Addiction Symptoms to Watch for When Taking Prescription Opioids

As we have discussed in many previous posts, the United States is having a particularly rough time lately with cases of opioid addiction. And here in South Florida is one of the hardest hit areas in the country. And if you have been prescribed an opioid as a painkiller, there is even a chance that you, too, are addicted to the narcotic, whether or not you realize it.

One of the biggest tells that you might be able to catch from yourself is that you will justify your opioid use to yourself, even when no one else is around. Still, opioid addiction and abuse have far more signs and symptoms than just the addiction itself.


Signs and Symptoms of Opioid Addiction

If you have been prescribed opioids for longer than a couple weeks, you are already in danger of becoming addicted. Because of that, stay aware of your physical and cognitive states and pay close attention to detect any of the following symptoms of opioid addiction:

  • Diminished motivation
  • Irritability
  • Depression
  • Mood swings
  • Anxiety
  • Irrational or uncharacteristic behavior
  • Difficulty focusing
  • Lack of coordination
  • Nausea
  • Vomiting
  • Difficulty staying asleep
  • Tiredness
  • Constipation
  • Slurring speech


Common Opioids People are Addicted To

There are many opioid drugs available through prescriptions and that can be found through various black market channels if they think the prescription is either not enough anymore or if it has run its course. Some of the more common opioids that you or a loved one might be addicted to include the following:

  • Codeine
  • Fentanyl
  • Heroin
  • Hydrocodone
  • Hydromorphone
  • Methadone
  • Morphine
  • Opium
  • Oxycodone
  • Oxymorphone
  • Paregoric
  • Sufentanil
  • Tramadol


Getting Treatment

While the news and media might make  you feel like another statistic when it comes to the opioid epidemic, we know you are far more important than that and you deserve to get the best care for opioid addiction in South Florida.  Contact us today to discuss your options and set an appointment to get started on ending your opioid abuse.


Common Symptoms of Addiction

Each year, tens of thousands of people die from alcohol and drug addictions, and even more overdose but survive. One of the biggest causes of this is a lack of education about the symptoms of addiction. With so many people who are uneducated about addiction, it’s difficult to get help until it’s far too late. By discovering what the most common signs of an addiction are, you can help yourself or a loved one.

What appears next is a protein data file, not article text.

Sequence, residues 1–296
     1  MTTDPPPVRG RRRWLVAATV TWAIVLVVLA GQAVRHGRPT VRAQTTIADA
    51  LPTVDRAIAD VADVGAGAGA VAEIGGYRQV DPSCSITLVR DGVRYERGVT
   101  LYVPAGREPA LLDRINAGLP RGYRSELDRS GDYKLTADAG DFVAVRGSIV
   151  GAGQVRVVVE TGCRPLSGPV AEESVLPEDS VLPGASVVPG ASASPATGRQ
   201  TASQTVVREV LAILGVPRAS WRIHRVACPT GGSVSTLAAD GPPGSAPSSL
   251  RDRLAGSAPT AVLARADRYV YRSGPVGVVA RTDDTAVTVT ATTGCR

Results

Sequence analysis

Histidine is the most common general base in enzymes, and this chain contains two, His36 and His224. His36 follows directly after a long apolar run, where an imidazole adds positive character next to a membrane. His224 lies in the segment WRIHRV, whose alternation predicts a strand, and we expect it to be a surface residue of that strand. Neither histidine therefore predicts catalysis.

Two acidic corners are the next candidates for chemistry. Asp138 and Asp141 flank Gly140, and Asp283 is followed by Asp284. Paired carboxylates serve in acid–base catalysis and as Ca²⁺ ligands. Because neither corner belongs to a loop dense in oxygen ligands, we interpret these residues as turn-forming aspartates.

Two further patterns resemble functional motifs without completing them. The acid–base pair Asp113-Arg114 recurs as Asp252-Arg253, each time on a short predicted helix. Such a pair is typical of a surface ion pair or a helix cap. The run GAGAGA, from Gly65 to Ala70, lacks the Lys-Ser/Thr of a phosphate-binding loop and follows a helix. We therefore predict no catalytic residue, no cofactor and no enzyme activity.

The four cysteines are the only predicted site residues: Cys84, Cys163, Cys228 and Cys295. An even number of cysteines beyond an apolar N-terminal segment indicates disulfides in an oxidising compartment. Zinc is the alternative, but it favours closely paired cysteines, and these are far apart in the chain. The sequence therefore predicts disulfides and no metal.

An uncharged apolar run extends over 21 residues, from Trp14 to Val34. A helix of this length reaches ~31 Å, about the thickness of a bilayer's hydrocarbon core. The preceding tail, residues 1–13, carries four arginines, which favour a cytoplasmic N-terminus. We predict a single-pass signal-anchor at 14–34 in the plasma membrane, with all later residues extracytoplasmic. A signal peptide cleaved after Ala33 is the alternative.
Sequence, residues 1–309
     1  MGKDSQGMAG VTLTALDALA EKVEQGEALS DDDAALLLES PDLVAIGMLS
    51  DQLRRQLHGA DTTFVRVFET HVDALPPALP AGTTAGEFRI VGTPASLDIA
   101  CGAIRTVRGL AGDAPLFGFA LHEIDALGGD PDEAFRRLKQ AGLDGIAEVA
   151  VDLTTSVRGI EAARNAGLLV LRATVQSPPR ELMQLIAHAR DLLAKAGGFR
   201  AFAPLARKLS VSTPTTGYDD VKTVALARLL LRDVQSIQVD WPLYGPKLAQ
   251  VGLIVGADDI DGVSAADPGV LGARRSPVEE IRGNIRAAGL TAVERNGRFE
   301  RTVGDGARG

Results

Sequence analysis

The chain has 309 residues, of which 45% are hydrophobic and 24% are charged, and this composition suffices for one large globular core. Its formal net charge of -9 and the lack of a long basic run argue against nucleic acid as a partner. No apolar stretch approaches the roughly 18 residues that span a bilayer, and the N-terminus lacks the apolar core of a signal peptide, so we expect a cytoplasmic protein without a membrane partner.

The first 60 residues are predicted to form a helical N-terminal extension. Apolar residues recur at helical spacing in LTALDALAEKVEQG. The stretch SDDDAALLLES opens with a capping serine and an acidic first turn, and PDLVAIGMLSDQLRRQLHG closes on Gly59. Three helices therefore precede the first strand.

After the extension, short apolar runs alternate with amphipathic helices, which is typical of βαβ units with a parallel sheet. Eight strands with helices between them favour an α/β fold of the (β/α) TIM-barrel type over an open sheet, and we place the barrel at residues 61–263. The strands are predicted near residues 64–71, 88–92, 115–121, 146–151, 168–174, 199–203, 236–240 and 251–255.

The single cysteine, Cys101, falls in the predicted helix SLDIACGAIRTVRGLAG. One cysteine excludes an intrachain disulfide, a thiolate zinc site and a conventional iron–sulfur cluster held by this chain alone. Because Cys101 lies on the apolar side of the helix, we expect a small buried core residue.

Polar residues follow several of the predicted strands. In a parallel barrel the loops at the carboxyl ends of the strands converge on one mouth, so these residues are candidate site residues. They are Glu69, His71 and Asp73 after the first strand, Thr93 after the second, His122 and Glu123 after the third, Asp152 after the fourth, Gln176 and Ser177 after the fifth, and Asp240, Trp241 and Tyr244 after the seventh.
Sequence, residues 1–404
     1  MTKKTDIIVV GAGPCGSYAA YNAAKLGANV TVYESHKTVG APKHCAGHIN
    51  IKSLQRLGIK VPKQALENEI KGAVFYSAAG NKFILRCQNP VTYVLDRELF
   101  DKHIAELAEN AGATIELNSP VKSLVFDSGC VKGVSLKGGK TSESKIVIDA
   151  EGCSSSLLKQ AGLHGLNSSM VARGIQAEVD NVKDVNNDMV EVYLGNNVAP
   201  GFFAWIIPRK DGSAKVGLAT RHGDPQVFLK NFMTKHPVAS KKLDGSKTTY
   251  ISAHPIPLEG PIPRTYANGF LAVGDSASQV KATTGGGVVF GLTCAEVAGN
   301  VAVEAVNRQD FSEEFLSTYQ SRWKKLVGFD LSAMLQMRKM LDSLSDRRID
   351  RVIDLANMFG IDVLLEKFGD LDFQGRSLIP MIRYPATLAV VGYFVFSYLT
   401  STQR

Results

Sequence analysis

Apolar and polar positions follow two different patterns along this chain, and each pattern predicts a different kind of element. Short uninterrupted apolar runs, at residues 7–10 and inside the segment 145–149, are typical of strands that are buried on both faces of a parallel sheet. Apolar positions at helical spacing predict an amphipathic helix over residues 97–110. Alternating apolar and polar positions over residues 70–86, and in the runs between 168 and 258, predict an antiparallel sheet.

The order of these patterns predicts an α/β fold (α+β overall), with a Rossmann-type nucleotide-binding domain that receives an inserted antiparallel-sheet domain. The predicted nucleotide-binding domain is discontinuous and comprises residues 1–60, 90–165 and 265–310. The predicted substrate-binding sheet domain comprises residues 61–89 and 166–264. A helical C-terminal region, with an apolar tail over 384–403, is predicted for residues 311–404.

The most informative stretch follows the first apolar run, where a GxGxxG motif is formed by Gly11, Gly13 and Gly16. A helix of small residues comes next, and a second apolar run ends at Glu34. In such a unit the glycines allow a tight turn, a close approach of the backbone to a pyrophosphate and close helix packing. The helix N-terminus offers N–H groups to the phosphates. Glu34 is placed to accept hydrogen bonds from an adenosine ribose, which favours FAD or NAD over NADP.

Why are the Symptoms of Addiction Hard to Spot?

You may have heard that addiction is a cunning, baffling and powerful disease. All of these assertions are true, for a variety of reasons. Not only is it difficult for the loved ones of someone with an addiction to see the signs, but the person with an addiction often can’t either. Most people around the world drink or use drugs at some point in their lives, making it fairly normal. However, people may eventually cross a line and let addiction take control of their lives.

There’s a misconception that a person needs to have lost certain things in his or her life to have an addiction. However, many people who pass away from overdoses are the last ones you would expect. The issue is the idea that someone is “functioning” or just has an “addictive personality.” For people to get help, they need to ditch this idea. The disease of addiction doesn’t care if a person has a family, a career or money when it claims a life.

Why are People in Denial About Their Addiction?

Scientific studies from various respected organizations show that the brain of someone with an addiction is different. The person receives an excess flood of dopamine from drinking or using when in comparison to the average person. The primary issue is that studies also show the prefrontal cortex of the brain is not operating properly. This part of the brain is responsible for self-awareness as well as the following abilities:

  • Impulse control
  • Attunement
  • Logical decision-making
  • Emotional regulation

When a person lacks the ability to be self-aware, he or she can’t truly see how bad his or her life is getting. The other problem is that the survival response in the brain is running without any type of regulation. This means consciously or unconsciously, the person feels like he or she needs alcohol or drugs in order to survive. This can cause a person to be in denial or get extremely defensive when someone approaches him or her about a substance abuse problem.

Getting Help for an Addiction

If a loved one is exhibiting symptoms of addiction to alcohol or drugs, allow 1st Step Behavioral Health to assist you. The programs at 1st Step Behavioral Health provide people with extensive addiction therapy to help them regain control of their life. Through a long-term program, you and your family will be able to heal and begin a new chapter in your life. Call today for more information at (866) 319-6126.